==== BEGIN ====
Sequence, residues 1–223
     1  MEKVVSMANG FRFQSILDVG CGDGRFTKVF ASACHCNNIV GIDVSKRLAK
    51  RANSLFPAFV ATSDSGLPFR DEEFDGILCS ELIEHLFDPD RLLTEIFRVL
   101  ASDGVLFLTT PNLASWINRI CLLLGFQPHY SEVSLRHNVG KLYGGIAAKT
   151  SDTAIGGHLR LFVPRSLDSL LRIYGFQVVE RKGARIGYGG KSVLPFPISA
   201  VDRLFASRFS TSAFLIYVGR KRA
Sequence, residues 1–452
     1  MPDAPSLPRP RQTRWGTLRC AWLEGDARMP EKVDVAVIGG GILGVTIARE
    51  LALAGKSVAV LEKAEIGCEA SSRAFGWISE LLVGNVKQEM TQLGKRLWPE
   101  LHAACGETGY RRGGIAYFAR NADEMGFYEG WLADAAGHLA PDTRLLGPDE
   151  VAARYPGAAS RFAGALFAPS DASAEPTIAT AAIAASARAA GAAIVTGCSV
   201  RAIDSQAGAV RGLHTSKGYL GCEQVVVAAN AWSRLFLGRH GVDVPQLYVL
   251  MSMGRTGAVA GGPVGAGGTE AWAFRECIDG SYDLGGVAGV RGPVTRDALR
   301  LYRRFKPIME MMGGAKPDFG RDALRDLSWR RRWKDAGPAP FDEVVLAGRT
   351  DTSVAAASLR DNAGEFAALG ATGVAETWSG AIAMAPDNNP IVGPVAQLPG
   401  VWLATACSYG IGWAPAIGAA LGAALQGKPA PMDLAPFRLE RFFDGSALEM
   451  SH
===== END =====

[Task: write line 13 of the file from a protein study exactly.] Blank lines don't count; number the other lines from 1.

   251  MSMGRTGAVA GGPVGAGGTE AWAFRECIDG SYDLGGVAGV RGPVTRDALR